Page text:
How to Stop Subvocalizing: The Ultimate Guide

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    When you read, have you ever noticed that you say each word in your head? If so, then you’re not alone. Most people do this.

    In fact, there’s even a name for it: Subvocalization. While this may be a common reading habit, it isn’t always a good one. That’s because subvocalizing slows down your reading speed.

    Accordingly, many avid readers are interested in how to stop subvocalizing. This is especially true in the case of a person who wants to become a speed reader. For them, learning how to stop subvocalizing becomes something of a quest.

    "I took a speed-reading course and read War and Peace in twenty minutes. It involves Russia."

    Nonetheless, evidence suggests that this habit isn’t as bad as some people believe. It actually may help with reading comprehension, particularly when new or complex words are encountered.

    This indicates that there may be value in being a situational subvocalizer. That is, you’re aware of the habit, and you don’t use it when it’s not needed, but can turn it on when you do need it.

    Let’s take an in-depth look at this habit, which also may be called silent speech or auditory reassurance. By doing so, you can understand to what extent you rely on it. You’ll also pick up some valuable tips regarding how to stop subvocalizing.

    What Is Subvocalization?

    How to Stop Subvocalizing

    Silent or internal speech actually is a natural part of the reading process. When you read, your mind “says” the word to you, and experts believe that it may help with comprehension and retention.

    What many people don’t realize is that this silent speech is accompanied by tiny movements of the larynx and speech muscles. The person who is reading normally cannot detect that these movements are occurring.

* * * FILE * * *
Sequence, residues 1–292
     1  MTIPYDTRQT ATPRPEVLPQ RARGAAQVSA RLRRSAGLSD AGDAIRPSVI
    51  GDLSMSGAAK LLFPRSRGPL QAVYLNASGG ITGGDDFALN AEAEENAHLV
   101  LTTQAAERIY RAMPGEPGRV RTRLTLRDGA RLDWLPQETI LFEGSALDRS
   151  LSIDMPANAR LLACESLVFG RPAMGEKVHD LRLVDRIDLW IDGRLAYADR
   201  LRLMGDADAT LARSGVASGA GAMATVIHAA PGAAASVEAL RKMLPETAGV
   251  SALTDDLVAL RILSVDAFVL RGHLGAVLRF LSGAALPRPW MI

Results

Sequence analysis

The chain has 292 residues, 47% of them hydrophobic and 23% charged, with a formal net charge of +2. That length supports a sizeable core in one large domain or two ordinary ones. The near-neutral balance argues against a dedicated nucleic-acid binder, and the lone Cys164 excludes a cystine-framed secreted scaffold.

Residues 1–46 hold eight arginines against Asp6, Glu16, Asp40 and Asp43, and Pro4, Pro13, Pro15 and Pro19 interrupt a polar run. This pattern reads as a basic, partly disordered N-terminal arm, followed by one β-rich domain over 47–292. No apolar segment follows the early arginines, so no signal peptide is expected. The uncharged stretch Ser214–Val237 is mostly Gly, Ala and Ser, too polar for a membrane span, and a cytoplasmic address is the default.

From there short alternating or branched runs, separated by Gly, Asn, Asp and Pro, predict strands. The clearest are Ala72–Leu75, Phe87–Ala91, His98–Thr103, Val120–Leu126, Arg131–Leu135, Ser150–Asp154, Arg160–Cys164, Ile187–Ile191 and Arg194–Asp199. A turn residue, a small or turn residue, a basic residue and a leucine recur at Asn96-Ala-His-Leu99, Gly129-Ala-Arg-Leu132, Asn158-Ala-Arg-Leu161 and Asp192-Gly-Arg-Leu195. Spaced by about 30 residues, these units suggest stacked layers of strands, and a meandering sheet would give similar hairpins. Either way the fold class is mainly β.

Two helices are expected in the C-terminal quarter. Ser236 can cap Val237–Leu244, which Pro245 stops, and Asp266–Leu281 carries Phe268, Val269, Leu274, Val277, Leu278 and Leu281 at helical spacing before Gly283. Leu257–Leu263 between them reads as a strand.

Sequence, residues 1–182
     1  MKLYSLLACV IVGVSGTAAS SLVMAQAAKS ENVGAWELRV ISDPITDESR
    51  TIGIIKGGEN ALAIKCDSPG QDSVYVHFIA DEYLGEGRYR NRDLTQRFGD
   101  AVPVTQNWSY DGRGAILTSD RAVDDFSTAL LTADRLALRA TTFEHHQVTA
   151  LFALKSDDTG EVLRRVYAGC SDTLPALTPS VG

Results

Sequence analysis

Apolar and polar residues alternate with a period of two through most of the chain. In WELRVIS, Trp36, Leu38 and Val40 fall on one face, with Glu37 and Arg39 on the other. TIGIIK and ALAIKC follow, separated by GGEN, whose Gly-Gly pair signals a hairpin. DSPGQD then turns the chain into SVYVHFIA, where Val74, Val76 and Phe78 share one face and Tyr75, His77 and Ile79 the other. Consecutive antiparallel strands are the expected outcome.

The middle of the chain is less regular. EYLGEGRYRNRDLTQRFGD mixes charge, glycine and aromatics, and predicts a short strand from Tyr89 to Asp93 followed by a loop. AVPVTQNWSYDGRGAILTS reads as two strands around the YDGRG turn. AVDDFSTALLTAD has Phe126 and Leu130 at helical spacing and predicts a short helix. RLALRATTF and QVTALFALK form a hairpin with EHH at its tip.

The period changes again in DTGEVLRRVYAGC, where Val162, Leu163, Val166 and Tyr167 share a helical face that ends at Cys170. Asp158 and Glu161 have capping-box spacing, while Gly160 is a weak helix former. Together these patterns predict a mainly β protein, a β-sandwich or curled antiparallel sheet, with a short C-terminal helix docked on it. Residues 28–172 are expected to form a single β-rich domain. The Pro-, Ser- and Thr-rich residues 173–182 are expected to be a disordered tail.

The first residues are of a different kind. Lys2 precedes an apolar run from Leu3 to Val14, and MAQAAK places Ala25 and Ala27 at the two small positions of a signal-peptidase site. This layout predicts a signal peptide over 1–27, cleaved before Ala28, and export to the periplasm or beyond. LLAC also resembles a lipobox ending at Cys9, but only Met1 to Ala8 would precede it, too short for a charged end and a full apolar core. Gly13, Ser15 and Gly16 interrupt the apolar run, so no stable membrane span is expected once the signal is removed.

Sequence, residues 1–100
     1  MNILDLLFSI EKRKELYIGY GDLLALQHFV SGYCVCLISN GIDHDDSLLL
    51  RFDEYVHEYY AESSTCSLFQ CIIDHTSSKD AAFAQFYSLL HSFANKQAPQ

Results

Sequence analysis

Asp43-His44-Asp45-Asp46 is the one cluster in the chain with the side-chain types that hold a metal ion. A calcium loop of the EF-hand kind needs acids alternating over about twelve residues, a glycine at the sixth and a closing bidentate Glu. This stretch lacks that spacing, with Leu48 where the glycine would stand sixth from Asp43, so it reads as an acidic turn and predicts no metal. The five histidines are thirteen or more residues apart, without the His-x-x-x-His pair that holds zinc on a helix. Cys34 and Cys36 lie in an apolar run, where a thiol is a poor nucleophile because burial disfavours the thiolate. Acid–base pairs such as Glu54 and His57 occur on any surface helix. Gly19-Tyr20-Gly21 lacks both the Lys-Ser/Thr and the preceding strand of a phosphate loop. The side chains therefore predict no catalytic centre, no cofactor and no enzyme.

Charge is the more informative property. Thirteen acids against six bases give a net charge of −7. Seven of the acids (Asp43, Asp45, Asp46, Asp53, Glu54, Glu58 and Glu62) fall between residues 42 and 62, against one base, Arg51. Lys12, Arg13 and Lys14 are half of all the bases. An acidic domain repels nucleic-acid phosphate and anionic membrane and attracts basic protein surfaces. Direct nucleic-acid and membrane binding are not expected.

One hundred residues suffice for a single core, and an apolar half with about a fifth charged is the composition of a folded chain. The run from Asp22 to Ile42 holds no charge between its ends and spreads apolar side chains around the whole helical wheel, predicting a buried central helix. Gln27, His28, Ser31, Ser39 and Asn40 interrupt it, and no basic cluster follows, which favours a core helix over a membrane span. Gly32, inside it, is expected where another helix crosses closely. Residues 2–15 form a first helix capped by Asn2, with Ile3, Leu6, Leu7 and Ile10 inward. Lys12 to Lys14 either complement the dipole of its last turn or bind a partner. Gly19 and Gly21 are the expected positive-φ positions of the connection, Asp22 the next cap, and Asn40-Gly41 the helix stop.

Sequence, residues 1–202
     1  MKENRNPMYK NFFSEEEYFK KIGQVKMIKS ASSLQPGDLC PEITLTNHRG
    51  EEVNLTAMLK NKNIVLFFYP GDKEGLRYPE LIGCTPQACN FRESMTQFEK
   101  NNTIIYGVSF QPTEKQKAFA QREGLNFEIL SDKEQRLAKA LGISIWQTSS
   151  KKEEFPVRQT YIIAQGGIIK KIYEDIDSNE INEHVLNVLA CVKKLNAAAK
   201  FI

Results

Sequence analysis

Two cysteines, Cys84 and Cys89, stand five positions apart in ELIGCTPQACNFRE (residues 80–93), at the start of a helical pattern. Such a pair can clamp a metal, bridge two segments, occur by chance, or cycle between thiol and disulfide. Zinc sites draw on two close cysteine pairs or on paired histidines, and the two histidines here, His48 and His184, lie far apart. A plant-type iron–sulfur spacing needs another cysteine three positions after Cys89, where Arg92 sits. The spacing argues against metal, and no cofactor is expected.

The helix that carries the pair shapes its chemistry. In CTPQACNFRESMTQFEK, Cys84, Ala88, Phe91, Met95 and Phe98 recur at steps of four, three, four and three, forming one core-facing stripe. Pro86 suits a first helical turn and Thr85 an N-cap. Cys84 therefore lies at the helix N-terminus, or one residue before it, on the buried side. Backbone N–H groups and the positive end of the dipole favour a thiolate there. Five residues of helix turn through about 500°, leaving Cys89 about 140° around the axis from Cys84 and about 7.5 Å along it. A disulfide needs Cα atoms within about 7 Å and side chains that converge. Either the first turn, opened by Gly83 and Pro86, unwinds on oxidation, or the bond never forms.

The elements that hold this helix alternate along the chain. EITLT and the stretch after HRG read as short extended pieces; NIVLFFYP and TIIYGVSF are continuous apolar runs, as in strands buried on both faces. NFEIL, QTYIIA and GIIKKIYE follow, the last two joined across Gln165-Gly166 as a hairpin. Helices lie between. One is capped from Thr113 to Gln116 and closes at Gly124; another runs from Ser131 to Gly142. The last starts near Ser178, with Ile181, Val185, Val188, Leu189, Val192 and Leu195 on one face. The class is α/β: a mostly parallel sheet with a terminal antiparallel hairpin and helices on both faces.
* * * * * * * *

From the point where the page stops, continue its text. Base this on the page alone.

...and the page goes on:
Internal speech while reading is common and even normal. Still, people who would like to read faster remain interested in how to stop subvocalizing.

    Eliminating Subvocalization Isn't Realistic

    When people first become interested in how to stop subvocalizing, they think it will mean the total elimination of subvocalization from their reading.

    However, the results of numerous studies indicate that eliminating auditory reassurance is impossible. It simply is too ingrained in the mind.


    Much of this goes back to the way reading is taught. Parents and teachers read aloud to babies, toddlers and small children. Later, those children are encouraged to read aloud and then read independently and silently. They are reminded to sound out the word in their heads as they go.

    These activities firmly cement subvocalization into the brain, making the effort to completely get rid of auditory reassurance an impossible task.

    Nonetheless, it is possible to minimize the amount of silent speech in which your brain engages while you read. Doing so may mean that you’re able to read with greater speed while still comprehending what your eyes are seeing.

    Subvocalization Can Be a Good Thing

    You’re interested in how to stop subvocalizing, but now know that this isn’t possible in a total sense. Instead, your goal should be to minimize subvocalization while you read.

     

    • That's because subvocalizing actually can be a wonderful thing when you read.

      Think about reading a work of fiction that was written by a master of language. All of those lush, beautiful words deserve to be savored.
    While you’re reading that novel, you’re reading for pure pleasure and enjoyment. Would anything necessarily be gained by speed reading your way through that work?

    Probably not, and you may even lose the illusion of being immersed in the world of the novel.

    Now, consider that you’re reading a technical manual, scientific paper, textbook or other non-fiction work. The subject matter is relatively well-known to you. How much help is subvocalization?

    Not much, as a general rule. You might be able to read this information much more quickly if you were able to minimize the amount of auditory reassurance that you’re using.

    Still, you don’t want to eliminate this silent speech. When you encounter a totally unfamiliar word or concept, then subvocalization makes a reappearance, helping you to comprehend and retain what you’re reading.

    How to Stop Subvocalizing

    When it comes to learning how to stop subvocalizing, it is first necessary to ascertain to what degree you engage in this habit.

    Researchers have identified three levels of subvocalization. At the first of these, the reader physically moves their lips while reading.